Uetrecht made one free throw, missed the next, but Massie got the rebound and Uetrecht was sent back to the line. She again made one of two, tying the game, 36-36 with 58.7 seconds remaining.

After running some precious time off the clock, Abby Schwenk banked in a shot. Massie missed their next two attempts and Miami Trace had the ball. Mabra was fouled and went to the line with nine seconds to play. She made both free throws for a 40-36 lead.

Uetrecht then hit a long three-point field goal (halfway between the top of the circle and the halfcourt line). Miami Trace was fouled, but missed both free throws with 2.2 seconds. Massie was not able to get a very good look at the basket and the Lady Panthers held on for the 40-39 win.

“Our entire game plan has been to play to our strengths,” Wilkinson said. “Make people try to adjust to our style. We don’t change from game to game.

“You can’t give good teams the ball on unforced turnovers. You can’t give them extra opportunities and we did that today.

“It’s so dag-gone hard to win the Gold Basketball. That was our goal. You’ve seen teams win the league in the past and somewhere along the line, somebody gets you. It’s a very good league, very competitive. There are a lot of very, very good coaches in our league. They put in a lot of time and effort.”

IU blows 11-point lead to Nebraska??

It was great when IU knocked off #1 Kentucky.  Then, to beat then #2 OSU, that was pretty sweet.  Since then, things have taken a little bit of a downturn.  The Big Ten Conference is one of the toughest in this country this year and there are no easy wins.  But a loss to Minnesota – at home no less – and then blowing an 11 point lead.  Yikes!  I wasn’t able to watch the game last night and after seeing the results, I wasn’t too sad to have missed it.  IU is still a good team and am I confident they will get things turned around.  Hopefully this “bump in the road” will prepare them for an end of season run and on into March.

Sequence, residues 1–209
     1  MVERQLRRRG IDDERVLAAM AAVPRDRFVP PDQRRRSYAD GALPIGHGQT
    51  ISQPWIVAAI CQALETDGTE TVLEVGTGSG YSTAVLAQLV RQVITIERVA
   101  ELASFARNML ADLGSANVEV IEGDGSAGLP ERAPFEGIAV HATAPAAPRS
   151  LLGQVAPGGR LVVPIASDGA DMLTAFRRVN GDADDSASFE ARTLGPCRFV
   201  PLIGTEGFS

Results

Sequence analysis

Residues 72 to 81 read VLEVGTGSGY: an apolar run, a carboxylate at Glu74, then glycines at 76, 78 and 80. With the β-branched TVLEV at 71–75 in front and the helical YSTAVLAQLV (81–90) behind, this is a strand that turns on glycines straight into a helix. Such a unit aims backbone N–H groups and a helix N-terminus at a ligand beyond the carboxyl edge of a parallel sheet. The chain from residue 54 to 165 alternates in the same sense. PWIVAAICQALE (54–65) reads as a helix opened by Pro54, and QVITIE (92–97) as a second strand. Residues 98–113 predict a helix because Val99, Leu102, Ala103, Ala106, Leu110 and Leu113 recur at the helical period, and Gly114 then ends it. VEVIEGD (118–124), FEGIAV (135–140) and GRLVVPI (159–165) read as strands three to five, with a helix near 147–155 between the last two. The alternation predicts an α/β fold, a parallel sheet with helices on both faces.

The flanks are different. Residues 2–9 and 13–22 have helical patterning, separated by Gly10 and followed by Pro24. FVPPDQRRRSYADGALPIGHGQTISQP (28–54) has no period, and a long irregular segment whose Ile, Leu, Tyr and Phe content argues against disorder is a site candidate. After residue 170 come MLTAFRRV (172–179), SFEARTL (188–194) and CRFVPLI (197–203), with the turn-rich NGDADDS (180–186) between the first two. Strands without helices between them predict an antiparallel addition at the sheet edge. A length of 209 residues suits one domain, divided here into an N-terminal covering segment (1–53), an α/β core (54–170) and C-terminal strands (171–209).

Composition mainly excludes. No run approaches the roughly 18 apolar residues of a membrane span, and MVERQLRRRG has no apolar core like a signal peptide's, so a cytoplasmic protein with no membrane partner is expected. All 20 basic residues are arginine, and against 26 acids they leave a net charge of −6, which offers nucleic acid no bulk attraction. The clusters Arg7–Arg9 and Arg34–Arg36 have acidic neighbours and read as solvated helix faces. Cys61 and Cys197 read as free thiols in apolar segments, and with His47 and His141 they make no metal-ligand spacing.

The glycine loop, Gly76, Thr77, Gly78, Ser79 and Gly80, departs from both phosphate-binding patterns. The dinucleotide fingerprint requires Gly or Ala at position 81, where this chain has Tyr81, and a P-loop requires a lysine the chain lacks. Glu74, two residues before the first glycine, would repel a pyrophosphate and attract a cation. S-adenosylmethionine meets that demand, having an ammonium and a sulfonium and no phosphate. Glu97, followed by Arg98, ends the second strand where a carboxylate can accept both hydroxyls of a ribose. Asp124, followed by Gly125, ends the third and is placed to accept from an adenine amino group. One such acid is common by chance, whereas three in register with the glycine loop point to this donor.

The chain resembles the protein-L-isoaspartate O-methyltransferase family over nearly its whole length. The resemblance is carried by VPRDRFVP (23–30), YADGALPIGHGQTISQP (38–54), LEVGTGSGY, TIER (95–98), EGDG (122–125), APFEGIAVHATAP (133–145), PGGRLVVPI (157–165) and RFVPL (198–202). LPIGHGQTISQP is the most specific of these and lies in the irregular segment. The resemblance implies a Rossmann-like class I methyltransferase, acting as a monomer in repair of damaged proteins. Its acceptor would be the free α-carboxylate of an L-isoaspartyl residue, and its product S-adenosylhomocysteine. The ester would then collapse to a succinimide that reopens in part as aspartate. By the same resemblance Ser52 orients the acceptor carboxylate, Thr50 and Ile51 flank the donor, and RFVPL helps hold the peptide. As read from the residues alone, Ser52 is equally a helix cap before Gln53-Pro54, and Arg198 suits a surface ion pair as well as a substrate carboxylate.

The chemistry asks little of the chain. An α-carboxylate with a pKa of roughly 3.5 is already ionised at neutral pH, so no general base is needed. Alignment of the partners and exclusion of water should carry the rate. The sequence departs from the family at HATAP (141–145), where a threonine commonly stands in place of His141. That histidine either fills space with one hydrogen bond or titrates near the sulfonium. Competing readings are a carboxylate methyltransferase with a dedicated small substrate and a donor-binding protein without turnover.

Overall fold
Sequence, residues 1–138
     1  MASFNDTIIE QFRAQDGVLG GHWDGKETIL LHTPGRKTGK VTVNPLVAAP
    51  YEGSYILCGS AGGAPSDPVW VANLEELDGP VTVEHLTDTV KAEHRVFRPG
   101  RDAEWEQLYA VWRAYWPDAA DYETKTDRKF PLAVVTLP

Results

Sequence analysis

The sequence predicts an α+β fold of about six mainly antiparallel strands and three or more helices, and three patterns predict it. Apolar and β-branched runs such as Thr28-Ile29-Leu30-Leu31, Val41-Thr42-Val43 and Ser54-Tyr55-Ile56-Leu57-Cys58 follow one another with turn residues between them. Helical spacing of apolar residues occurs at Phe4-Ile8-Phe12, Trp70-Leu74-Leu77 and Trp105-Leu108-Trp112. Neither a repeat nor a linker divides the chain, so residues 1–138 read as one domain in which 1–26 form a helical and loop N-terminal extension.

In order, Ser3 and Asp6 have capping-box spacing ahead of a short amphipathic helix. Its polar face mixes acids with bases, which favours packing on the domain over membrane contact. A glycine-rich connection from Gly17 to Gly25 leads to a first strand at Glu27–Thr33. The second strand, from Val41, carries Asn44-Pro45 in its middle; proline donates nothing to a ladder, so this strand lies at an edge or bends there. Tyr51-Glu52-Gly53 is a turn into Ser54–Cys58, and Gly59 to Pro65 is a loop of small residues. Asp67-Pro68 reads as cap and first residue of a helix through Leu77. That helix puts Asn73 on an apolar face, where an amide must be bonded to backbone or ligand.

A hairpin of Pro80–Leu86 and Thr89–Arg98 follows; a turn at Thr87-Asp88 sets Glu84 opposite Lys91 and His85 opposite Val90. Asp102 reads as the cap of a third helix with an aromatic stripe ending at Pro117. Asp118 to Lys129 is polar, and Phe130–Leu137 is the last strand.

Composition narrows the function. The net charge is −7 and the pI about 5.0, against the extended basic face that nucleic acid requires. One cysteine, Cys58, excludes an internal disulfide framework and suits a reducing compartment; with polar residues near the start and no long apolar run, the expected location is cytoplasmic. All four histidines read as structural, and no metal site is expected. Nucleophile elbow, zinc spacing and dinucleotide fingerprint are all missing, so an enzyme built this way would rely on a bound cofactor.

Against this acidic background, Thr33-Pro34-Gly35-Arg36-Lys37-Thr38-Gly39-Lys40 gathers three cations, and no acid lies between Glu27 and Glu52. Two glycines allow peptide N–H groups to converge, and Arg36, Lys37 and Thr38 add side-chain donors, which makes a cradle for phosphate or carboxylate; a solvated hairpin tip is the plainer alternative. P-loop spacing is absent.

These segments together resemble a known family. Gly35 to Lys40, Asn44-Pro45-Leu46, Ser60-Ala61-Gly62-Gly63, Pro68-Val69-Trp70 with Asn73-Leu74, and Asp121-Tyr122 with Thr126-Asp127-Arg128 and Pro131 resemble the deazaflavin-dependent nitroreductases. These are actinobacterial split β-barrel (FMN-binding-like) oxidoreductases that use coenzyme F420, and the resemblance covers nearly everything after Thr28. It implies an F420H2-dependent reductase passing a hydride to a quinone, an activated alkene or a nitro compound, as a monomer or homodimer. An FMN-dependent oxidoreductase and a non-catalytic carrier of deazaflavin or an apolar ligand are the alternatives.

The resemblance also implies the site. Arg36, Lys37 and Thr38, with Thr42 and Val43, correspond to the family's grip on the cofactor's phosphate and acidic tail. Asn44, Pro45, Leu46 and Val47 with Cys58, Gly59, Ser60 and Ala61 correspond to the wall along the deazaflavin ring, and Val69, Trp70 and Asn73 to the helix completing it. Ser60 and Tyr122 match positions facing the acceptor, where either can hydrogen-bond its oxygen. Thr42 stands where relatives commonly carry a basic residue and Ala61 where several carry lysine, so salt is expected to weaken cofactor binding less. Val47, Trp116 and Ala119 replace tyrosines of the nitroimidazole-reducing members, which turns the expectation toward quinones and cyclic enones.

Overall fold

Here’s what IndyStar had to say about last night’s game:

When Indiana lost to Minnesota last week, the Hoosiers simply didn’t shoot well. When IU fell to Ohio State on Sunday, it was a dismal first half that did in the Hoosiers.

This one was more of the gift-wrapped variety.

Trying to snap a two-game losing streak, No. 11 Indiana squandered an 11-point lead in the final 7 minutes Wednesday and dropped a 70-69 decision to struggling Nebraska at the Robert Devaney Sports Center.

All of a sudden, an Indiana (15-4, 3-4 Big Ten) team that once boasted victories over the then-Nos. 1 and 2 teams in the nation on its NCAA resume is now staring at a pair of nasty losses. Nebraska and Minnesota were a combined 1-9 in Big Ten play, and each was in last place going into its game with the Hoosiers.

“We’ve just got to go back to the drawing board and make sure these losses don’t start piling up,” said sophomore guard Victor Oladipo. “We felt like we got our edge back tonight. Now we have to build on that.”

Two free throws by Brian Jorge Diaz with 11 seconds to play gave the Cornhuskers their first lead since the 14-minute mark of the first half at 70-69.